Tuesday, September 18, 2007

American Pastoral

I wonder if I'm really qualified to comment on Philip Roth's novel, American Pastoral. Well, I'll re-phrase that: I wonder if I am qualified to comment on how successfully the novel dissects American society and idea of the American dream, since the sum total of my time spent in America up until now is a week in New York eight years ago.

Still, the idea of the American dream is international in a way. The concepts of freedom, wealth, democracy and so on are integral to the ideals of many other countries. Also, the rest of the world is so immersed in American popular culture that it sometimes feels as though here, in Australia, we are still participating in the American experience, albeit at one remove.

American Pastoral is a highly ambitious novel and one that I found incredibly compelling and, at times, incredibly disturbing. It follows the life of Seymour Levov, better known as 'the Swede', a Jewish boy from New Jersey whose athletic prowess, charm and good looks seem destined to help him achieve a life living out the American dream. He is the pride of his immigrant neighbourhood, the one who will succeed and infiltrate the 'real' America.

And to an extent this is what he does. He takes over his father's glove factory, marries an ex-Miss New Jersey and buys an idyllic country house. Everything suggests that he will escape from his working class, ethnic roots. However his daughter Merry changes everything- she introduces chaos into the Swede's perfect world. She stutters and stammers her way through life growing angrier and angrier, eventually joining a radical political group and blowing up the post-office in the local village, killing a man in the process, an event that tears apart the Swede's carefully manufactured life.

The characters and events in the novel are fairly obviously meant to be symbolic. While the Swede embodies the conservatism and prosperity of post-war America, as well as the success of the second-generation immigrant, Merry reflects the chaos and social upheaval of the sixties. She is the ungrateful child of the previous generation. The Swede wonders why his daughter rebels, especially given her comfortable loving upbringing, never realising the potentially suffocating effect of so much expectation and love. Roth examines the tensions between generations, races and classes in America without over-simplifying. There are no simple solutions to the problems he describes and he is careful to let the reader decide for themselves where to lay blame. Personally I had very mixed feelings abut Merry and her actions. On one hand she is incredibly selfish and inexcusably violent, on the other I can recognise the purity of her political belief and commitment to her ideals, as well as her need to reject the materialism of her parents.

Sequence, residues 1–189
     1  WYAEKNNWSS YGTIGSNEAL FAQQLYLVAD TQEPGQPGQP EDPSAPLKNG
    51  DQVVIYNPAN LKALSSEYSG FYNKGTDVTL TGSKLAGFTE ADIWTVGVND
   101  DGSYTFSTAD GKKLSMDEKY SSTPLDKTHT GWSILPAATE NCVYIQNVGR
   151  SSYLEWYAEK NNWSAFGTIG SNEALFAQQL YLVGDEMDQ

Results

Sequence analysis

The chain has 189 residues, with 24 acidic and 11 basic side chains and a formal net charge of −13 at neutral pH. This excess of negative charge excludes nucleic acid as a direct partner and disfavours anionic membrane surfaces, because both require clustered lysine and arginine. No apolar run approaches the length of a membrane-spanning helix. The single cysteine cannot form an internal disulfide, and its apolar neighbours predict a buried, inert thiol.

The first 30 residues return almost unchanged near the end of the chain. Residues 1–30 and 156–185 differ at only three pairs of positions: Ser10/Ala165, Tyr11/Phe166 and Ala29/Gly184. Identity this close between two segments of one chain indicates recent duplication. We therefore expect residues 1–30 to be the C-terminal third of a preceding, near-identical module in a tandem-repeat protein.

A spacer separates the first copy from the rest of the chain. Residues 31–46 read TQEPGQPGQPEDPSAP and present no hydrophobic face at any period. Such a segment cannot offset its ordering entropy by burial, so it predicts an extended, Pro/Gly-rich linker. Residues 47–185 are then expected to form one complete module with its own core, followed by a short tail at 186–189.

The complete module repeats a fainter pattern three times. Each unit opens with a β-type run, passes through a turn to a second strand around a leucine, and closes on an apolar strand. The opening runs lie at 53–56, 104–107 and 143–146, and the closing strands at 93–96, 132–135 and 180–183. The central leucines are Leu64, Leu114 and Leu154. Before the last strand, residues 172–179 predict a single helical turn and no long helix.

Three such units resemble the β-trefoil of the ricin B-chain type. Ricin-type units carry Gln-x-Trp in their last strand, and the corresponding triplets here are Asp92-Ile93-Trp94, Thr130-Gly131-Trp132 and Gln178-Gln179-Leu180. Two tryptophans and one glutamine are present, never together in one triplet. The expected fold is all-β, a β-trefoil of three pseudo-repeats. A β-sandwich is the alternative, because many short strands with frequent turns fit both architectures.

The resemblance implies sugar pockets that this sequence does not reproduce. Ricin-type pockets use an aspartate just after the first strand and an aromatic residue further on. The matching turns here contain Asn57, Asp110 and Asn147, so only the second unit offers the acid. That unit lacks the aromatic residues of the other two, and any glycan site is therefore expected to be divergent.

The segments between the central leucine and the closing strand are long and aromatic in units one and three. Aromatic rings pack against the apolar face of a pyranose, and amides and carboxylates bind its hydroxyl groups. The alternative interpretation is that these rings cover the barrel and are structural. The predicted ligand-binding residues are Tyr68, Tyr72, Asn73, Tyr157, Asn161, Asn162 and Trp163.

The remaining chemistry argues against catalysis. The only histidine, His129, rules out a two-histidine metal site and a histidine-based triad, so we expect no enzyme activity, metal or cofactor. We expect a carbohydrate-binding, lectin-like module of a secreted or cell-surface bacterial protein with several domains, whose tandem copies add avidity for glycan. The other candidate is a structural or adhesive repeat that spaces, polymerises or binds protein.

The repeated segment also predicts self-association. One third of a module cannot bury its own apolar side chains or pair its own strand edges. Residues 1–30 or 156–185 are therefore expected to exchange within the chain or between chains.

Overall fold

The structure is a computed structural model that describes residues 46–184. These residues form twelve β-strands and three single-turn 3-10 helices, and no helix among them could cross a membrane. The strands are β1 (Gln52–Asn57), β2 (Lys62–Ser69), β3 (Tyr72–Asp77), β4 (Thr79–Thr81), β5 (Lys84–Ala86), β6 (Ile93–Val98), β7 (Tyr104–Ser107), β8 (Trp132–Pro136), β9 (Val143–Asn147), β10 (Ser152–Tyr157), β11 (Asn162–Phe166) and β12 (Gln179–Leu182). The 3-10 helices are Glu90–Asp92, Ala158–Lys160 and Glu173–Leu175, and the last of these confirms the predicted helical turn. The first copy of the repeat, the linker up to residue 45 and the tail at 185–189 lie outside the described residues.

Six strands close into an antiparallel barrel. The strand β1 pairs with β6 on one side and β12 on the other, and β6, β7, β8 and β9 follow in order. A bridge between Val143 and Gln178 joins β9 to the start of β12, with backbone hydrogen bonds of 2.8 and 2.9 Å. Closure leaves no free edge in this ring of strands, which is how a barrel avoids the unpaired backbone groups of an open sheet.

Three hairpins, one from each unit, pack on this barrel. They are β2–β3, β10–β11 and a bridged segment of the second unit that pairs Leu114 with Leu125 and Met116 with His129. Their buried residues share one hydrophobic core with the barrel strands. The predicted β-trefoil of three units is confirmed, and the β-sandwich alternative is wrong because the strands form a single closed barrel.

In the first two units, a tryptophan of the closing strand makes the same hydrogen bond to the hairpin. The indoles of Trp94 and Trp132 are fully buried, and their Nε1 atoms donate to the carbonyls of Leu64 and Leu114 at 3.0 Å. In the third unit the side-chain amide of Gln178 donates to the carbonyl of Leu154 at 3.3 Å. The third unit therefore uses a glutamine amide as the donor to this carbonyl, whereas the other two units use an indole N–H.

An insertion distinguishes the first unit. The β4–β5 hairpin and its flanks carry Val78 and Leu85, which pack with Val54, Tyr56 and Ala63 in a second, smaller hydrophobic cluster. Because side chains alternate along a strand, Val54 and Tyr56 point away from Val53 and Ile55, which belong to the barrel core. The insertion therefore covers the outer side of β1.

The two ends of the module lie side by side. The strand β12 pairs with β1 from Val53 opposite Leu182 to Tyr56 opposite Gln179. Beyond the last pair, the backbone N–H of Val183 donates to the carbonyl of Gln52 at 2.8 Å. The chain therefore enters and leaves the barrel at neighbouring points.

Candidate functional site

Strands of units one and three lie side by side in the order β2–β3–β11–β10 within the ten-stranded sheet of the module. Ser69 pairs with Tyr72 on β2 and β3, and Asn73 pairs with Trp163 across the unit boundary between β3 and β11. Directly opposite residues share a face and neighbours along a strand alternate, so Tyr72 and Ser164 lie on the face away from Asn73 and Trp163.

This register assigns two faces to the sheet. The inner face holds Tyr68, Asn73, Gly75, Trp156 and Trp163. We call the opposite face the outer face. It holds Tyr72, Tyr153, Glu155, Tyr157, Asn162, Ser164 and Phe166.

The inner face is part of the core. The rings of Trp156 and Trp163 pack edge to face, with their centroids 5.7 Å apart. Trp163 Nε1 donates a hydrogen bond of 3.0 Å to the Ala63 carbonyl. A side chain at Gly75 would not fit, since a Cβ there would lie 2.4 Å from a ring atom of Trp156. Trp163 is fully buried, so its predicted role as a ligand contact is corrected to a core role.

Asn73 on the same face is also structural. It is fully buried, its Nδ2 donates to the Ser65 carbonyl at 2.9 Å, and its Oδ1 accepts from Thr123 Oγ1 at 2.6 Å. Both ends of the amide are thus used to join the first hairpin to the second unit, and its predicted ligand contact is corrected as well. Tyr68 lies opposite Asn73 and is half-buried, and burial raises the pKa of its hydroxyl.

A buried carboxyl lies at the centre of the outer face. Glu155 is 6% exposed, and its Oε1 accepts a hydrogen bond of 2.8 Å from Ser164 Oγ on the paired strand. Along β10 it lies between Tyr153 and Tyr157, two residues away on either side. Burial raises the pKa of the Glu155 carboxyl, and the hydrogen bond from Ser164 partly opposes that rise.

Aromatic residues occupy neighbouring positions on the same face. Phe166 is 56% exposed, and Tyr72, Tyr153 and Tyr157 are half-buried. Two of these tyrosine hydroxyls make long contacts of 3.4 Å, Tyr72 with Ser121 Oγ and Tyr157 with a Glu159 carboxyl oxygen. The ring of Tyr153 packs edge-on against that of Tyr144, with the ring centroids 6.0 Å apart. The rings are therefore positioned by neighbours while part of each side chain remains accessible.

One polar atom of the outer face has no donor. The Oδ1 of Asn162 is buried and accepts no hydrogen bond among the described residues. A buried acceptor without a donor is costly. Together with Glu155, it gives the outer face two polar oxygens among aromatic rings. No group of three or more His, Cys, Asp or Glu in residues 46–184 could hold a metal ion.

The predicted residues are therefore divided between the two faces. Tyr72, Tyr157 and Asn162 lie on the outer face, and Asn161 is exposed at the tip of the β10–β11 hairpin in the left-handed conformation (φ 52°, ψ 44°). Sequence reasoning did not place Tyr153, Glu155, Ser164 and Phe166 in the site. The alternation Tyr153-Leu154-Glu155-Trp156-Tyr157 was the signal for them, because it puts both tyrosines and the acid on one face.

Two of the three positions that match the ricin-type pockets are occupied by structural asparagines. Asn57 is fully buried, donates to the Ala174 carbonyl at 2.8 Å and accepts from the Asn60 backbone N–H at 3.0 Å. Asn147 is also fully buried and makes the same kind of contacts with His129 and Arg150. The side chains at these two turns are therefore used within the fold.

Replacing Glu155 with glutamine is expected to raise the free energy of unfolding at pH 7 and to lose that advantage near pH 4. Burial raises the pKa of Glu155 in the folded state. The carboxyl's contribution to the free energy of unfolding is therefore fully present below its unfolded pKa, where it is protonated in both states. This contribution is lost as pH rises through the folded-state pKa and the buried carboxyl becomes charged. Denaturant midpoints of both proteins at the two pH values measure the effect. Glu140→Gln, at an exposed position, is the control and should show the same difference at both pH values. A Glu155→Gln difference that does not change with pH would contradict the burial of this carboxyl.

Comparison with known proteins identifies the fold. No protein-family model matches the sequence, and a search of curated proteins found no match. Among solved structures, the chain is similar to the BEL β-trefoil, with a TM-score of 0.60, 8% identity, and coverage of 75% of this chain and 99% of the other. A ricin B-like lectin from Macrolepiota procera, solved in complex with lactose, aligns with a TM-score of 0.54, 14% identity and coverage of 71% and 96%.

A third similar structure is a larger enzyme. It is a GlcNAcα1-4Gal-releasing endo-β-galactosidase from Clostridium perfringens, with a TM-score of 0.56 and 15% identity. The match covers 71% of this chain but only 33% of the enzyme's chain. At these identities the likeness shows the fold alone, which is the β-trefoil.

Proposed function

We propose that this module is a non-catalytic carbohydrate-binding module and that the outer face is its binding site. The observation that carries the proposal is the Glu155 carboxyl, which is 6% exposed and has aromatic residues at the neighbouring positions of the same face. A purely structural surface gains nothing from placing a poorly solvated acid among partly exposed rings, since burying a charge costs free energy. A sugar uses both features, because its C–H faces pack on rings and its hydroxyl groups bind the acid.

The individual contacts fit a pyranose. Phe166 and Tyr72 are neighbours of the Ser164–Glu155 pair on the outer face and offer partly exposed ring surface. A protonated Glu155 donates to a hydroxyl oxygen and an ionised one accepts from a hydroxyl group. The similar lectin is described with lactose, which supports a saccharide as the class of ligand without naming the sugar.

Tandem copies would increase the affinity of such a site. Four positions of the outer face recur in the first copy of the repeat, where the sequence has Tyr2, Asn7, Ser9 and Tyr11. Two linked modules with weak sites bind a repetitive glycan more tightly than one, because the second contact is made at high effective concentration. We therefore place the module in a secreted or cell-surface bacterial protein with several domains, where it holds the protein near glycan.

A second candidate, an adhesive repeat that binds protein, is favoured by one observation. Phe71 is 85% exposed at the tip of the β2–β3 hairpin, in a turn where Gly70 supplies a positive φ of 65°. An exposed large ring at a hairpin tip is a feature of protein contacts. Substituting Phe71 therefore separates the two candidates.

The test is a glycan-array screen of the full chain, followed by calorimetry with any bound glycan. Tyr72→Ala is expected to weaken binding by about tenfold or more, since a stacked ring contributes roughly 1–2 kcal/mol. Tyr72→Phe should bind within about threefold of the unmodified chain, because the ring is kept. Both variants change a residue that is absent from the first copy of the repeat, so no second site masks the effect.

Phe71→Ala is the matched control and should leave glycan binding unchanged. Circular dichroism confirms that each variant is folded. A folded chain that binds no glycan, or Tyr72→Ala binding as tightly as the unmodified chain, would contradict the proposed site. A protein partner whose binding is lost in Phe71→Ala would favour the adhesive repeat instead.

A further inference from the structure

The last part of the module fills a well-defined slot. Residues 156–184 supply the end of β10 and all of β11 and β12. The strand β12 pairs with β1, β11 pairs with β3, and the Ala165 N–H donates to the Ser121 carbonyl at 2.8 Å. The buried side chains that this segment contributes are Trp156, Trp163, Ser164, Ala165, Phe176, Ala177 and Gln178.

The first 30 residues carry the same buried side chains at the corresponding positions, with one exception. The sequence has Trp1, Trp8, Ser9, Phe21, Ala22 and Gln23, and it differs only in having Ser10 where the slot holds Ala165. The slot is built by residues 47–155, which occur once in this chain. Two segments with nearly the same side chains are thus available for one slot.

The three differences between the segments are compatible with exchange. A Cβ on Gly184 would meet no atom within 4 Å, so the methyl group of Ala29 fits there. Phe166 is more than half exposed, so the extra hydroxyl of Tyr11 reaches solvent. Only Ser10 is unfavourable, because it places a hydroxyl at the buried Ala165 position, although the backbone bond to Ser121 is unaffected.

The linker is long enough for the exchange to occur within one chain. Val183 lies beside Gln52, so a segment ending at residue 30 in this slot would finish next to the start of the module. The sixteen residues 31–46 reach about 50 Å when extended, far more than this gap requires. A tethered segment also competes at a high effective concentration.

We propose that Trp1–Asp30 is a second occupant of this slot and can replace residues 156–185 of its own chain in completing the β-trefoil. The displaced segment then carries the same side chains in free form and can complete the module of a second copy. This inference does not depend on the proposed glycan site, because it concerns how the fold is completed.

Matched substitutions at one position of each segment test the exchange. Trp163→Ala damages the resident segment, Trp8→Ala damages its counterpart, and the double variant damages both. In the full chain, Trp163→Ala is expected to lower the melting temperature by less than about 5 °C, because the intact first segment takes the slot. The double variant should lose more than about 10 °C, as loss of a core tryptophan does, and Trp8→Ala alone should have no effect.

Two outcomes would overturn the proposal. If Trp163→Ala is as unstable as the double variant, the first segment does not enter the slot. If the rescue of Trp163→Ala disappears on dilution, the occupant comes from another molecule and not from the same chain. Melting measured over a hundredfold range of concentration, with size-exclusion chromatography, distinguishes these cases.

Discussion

A further layer of complexity is added to the novel through Roth's use of a narrator. The narrator, Nathan Zuckerman, is a childhood friend of the Swede's brother Jerry and has since made a name for himself as a novelist. He idolised the Swede as a teenager and the story of the Swede's life is told by him, based only on a few anecdotes and one brief meeting with the Swede. The entire story is essentially a product of Nathan's imagination, how he thinks life might have gone for his idol. This makes the story more unsettling and less certain, an effect that seems very apt here. Roth plays with the idea of writing, of creating a character out of almost nothing, of filling in the back story until it becomes more convincing than real life. These are interesting ideas that are somewhat abandoned in the later parts of the book as the central narrative takes over.

American Pastoral is a 'big' book in every sense of the word. It is sprawling, complex and messy but also precise and insightful, and somehow Roth manages to contain all the elements of his story just long enough to tell them, and to tell them well.

6 comments:

Smithereens said...

I started the American pastoral, inspired by your enthusiasm, and even though I'm not far into the story yet, the writing is awesome!

Fay Sheco said...

Shameful, but I have not read this book yet. Roth is considered by all and sundry to be one of the great American writers of his generation. I read The Human Stain earlier this year and liked it very much.

jess said...

Smithereens: I'm so glad you're enjoying it! I agree, the writing is very good.

Fay: I'll try to read The Human Stain on your recommendation. I'd definitely like to read more of Roth's work.

prepossessing said...

This book is what makes me love Roth. I haven't read anything else of his that I thought was better!

Ange said...

Hey Jess, Did you ever read Vernon God Little for another take on the American "dream"....his irreverance is quite amusing and continues to what I can only imagine was his own entry on Wikipedia.
http://en.wikipedia.org/wiki/DBC_Pierre. I'll try some Roth and come back to you.

jess said...

Hey Ange. Yes, I did read Vernon God Little. It's a clever book but I can't say I really liked it. An interesting comparison with Roth though. Let me know what you think if you read any of his work.